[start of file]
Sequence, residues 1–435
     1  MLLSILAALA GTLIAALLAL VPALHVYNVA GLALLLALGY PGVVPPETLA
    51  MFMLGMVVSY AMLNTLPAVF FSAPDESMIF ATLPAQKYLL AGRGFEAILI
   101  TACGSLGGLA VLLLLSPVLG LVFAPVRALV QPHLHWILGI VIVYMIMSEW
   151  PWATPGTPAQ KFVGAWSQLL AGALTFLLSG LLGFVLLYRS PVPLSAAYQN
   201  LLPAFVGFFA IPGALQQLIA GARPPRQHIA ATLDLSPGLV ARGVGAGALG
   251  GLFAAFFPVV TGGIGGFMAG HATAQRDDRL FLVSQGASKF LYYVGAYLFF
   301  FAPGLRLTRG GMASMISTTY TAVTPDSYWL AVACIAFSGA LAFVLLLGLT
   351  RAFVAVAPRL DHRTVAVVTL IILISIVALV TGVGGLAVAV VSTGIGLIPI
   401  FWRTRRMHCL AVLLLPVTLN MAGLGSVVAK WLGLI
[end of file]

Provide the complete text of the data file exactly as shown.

Sequence, residues 1–435
     1  MLLSILAALA GTLIAALLAL VPALHVYNVA GLALLLALGY PGVVPPETLA
    51  MFMLGMVVSY AMLNTLPAVF FSAPDESMIF ATLPAQKYLL AGRGFEAILI
   101  TACGSLGGLA VLLLLSPVLG LVFAPVRALV QPHLHWILGI VIVYMIMSEW
   151  PWATPGTPAQ KFVGAWSQLL AGALTFLLSG LLGFVLLYRS PVPLSAAYQN
   201  LLPAFVGFFA IPGALQQLIA GARPPRQHIA ATLDLSPGLV ARGVGAGALG
   251  GLFAAFFPVV TGGIGGFMAG HATAQRDDRL FLVSQGASKF LYYVGAYLFF
   301  FAPGLRLTRG GMASMISTTY TAVTPDSYWL AVACIAFSGA LAFVLLLGLT
   351  RAFVAVAPRL DHRTVAVVTL IILISIVALV TGVGGLAVAV VSTGIGLIPI
   401  FWRTRRMHCL AVLLLPVTLN MAGLGSVVAK WLGLI